Watchdog finds claims contained in a leaflet were ‘misleading’
The Advertising Standards Authority (ASA) has upheld a complaint made by Nottingham City Transport (NCT) about a leaflet issued by rival operator Dunn Motor Traction Ltd (DMT), which trades as yourbus.
DMT said when the leaflet was designed, both it and NCT operated the Y36 and 36 services every 10 minutes from Monday to Saturday daytimes and both services were registered as “frequent” with the traffic commissioner explaining to the ASA a “frequent” service was one which operated every 10 minutes or better and for which the operator did not have to publish a timetable, merely the minimum frequency of arrivals. DMT said, from March 27, 2011, NCT increased its service to operate up to every 7-8 minutes from Monday to Saturday daytimes. However, DMT said it did not wish to comment on this point.
DMT was founded in April 2009 by Bob and Scott Dunn after they had been involved for three years with Birmingham-based Rotala plc.- where Scott Dunn had been MD of Diamond Bus and some of its current management had previously worked at Diamond Bus.
In reaching the decision to uphold the complaint, the ASA considered the statement “We operate just as many departures as our competitor” was a claim capable of robust substantiation with a comparative analysis of recent timetable and punctuality data for the services offered by both DMT and NCT and which showed both operators offered the same number of departures. While the ASA took account of DMT’s explanation of the registered frequency of both services, it noted evidence of a registration, or any timetable and punctuality data had not been forthcoming. The ASA also noted DMT was aware from March 27, NCT increased its service and operated more departures than DMT. The ASA concluded the claim had not been substantiated and was misleading.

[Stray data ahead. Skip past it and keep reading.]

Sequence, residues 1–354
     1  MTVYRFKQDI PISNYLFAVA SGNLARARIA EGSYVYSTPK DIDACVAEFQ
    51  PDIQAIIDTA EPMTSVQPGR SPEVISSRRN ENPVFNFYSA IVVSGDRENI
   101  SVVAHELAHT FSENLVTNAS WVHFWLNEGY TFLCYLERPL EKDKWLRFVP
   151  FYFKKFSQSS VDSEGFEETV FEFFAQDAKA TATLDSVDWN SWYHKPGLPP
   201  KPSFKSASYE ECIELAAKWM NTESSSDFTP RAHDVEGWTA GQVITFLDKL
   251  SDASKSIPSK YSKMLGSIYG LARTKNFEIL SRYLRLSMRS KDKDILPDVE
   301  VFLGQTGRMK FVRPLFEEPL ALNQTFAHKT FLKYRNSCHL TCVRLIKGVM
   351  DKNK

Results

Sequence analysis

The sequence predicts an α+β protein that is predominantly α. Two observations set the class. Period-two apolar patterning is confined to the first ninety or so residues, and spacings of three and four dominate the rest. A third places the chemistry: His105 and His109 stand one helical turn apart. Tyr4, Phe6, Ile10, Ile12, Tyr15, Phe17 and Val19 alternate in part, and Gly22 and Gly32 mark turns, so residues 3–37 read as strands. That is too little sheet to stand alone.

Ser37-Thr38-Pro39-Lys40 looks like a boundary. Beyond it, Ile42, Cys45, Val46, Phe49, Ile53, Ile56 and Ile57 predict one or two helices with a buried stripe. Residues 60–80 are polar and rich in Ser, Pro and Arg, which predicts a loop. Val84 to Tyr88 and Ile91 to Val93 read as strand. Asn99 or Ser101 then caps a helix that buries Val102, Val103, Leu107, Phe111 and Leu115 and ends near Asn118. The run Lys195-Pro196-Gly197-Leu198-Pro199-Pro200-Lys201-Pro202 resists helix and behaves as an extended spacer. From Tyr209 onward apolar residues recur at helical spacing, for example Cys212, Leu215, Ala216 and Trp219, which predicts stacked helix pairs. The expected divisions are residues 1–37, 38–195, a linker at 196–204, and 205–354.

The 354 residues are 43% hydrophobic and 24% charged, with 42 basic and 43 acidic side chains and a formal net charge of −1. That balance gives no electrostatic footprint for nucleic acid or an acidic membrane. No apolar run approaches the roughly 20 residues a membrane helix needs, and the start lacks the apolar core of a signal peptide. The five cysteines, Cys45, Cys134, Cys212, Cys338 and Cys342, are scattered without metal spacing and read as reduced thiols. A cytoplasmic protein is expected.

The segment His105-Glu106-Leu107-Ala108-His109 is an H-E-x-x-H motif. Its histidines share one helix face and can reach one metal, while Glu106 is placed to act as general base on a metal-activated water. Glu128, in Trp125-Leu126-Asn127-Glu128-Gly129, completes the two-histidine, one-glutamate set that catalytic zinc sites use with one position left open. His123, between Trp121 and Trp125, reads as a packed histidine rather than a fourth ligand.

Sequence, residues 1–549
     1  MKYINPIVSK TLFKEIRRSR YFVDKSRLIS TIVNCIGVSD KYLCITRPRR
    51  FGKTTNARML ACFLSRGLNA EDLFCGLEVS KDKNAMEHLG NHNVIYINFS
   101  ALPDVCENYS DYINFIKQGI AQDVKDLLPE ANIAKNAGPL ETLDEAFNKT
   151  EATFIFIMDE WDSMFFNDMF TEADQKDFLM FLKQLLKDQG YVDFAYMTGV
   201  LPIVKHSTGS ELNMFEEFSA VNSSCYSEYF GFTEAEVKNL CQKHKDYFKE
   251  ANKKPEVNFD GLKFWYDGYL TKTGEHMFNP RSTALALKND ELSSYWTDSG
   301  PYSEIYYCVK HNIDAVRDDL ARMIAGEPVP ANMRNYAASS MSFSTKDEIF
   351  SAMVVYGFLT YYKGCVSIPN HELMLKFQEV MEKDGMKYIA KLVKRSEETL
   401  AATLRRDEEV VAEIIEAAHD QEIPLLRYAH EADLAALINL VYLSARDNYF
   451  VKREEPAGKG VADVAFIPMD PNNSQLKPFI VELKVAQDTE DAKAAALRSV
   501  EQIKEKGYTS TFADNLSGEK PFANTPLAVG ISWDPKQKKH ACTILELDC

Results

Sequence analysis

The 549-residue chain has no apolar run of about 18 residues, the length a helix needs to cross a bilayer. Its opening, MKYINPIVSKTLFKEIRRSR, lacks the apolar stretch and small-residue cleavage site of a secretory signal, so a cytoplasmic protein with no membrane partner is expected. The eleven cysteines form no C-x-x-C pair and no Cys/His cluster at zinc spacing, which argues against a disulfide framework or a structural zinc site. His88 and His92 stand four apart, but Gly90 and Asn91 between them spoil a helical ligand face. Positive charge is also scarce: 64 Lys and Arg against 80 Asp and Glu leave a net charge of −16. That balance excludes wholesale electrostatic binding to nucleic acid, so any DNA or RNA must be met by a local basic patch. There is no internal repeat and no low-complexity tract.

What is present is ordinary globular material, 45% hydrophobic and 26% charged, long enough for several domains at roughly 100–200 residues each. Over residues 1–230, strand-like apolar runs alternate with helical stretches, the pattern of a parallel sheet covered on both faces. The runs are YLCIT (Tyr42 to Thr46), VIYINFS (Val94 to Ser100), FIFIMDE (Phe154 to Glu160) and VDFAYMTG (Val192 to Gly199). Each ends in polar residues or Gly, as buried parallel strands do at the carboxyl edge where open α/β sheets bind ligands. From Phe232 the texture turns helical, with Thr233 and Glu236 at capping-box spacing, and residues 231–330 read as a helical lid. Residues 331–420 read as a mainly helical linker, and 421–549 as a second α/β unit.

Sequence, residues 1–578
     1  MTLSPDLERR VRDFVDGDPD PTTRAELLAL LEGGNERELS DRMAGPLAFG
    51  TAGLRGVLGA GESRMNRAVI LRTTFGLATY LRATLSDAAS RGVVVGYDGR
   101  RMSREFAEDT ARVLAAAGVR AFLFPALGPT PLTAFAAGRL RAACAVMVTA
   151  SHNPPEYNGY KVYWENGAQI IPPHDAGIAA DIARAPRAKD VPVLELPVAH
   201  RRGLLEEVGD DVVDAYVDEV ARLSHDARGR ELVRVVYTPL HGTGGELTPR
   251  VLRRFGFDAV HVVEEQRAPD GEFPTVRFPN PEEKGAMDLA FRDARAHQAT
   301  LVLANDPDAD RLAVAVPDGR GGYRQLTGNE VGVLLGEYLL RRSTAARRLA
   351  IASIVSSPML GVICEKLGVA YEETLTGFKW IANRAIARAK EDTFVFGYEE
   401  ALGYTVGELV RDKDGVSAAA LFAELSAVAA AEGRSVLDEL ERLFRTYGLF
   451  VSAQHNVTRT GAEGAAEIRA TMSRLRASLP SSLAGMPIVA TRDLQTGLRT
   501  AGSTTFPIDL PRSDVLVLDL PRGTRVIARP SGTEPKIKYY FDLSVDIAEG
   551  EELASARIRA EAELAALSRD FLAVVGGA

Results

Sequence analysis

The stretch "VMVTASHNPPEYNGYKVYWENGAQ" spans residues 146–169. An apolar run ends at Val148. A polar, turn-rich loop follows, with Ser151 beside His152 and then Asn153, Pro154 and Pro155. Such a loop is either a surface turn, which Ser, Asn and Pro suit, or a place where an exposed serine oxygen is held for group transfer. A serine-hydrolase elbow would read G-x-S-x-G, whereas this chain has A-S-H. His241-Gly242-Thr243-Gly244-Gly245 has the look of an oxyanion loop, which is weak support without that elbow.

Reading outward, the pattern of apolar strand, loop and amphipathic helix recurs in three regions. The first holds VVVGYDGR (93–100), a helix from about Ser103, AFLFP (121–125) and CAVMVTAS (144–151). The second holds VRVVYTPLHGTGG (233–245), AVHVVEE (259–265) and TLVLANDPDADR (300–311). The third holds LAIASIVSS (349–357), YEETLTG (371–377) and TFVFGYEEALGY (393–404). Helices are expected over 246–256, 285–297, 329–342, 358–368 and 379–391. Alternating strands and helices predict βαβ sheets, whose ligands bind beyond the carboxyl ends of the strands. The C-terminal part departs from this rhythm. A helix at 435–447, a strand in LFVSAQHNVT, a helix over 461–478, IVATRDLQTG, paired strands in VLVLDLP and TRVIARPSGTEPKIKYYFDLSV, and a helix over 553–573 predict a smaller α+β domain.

On this point the advert breached CAP Code (Edition 12) rules 3.1 (Misleading advertising), 3.7 (Substantiation) and 3.33 (Comparisons with Identifiable Competitors). The ASA noted the complainant believed the advertiser had links with a larger group (Rotala) from which it obtained vehicles and systems, and therefore DMT could not reasonably describe itself as a “local, family company.”
The ASA explained the complainant’s concerns to DMT and provided detailed guidance as to how DMT might wish to respond.
“We noted while DMT provided some background information and asserted it was independent of Rotala, it had not provided the level of explanation or evidence we requested in order we could come to an informed view on the relationship between the two companies,” said the ASA. “In its absence, we concluded the claim DMT were a small, family company had not been substantiated and was misleading.
On this point the ad breached CAP Code and must not appear in its current form.